Jeddah, January 08, 2024, Scientists at King Abdullah University of Science and Technology (KAUST) have made a groundbreaking discovery, revealing the existence of active hydrothermal vent fields in the Red Sea. The Hatiba Mons fields, the largest of their kind ever reported, were the focal point of this discovery.
Hydrothermal vents are hot springs generated by underwater volcanoes at the boundaries of tectonic plates. The release of warm fluids, heated by magma beneath the volcano, leads to an abundance of microbial communities, surpassing normal levels.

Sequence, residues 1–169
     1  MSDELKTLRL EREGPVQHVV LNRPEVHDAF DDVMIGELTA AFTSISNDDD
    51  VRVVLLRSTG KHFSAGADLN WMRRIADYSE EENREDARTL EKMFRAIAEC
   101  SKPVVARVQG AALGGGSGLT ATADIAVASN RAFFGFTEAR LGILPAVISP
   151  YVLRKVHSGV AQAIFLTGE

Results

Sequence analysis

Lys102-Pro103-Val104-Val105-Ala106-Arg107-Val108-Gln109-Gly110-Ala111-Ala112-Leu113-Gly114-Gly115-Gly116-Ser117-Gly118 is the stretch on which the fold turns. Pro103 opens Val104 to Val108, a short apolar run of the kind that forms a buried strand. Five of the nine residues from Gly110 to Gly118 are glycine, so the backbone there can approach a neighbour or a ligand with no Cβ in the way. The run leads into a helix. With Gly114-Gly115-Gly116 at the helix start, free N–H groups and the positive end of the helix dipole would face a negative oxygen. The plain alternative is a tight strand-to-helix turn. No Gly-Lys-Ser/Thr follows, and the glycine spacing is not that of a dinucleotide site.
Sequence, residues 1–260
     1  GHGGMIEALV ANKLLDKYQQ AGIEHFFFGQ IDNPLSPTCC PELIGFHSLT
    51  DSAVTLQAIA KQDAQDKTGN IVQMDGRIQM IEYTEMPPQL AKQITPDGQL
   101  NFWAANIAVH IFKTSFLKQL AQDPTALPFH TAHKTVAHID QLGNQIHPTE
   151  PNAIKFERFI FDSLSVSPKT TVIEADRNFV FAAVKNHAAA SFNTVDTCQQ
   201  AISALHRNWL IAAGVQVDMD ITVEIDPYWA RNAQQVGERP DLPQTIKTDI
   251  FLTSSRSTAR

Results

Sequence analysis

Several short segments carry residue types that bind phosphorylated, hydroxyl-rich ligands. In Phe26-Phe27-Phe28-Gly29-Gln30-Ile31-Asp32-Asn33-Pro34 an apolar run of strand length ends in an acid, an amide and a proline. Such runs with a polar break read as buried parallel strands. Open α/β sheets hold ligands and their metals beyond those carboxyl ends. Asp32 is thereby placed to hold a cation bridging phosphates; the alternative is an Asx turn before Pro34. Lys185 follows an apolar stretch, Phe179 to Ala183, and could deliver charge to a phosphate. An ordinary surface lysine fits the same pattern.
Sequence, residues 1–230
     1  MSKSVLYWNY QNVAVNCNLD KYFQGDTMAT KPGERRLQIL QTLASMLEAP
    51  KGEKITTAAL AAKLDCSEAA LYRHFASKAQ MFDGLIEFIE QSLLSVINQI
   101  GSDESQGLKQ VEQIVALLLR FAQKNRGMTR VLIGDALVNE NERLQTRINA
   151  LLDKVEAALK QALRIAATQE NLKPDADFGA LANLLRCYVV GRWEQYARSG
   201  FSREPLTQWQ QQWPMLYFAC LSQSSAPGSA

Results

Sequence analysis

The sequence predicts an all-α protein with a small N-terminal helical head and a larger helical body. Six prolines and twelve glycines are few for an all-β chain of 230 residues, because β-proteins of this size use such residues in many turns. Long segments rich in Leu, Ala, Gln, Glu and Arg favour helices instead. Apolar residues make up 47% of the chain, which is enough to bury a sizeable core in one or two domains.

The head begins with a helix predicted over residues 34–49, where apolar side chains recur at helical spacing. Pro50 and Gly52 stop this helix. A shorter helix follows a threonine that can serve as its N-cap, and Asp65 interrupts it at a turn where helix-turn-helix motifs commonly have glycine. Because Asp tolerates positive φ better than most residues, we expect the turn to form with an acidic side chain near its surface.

The findings are expected to provide valuable insights into the deep Red Sea's biological and mineralogical resources, as well as the evolutionary processes of life in extreme environments. Through meticulous mapping efforts, KAUST scientists identified 45 vent fields spanning 1.6 square kilometers at Hatiba Mons, with all 14 directly observed fields actively venting. The relatively low temperatures of the vents, measured at 40 degrees Celsius, have contributed to the formation of iron-oxyhydroxide mounds hosting thriving microbial communities. The presence of macrofauna near the vents highlights the potential of these microbial communities to provide insights into the origins and adaptation of life in the deep sea.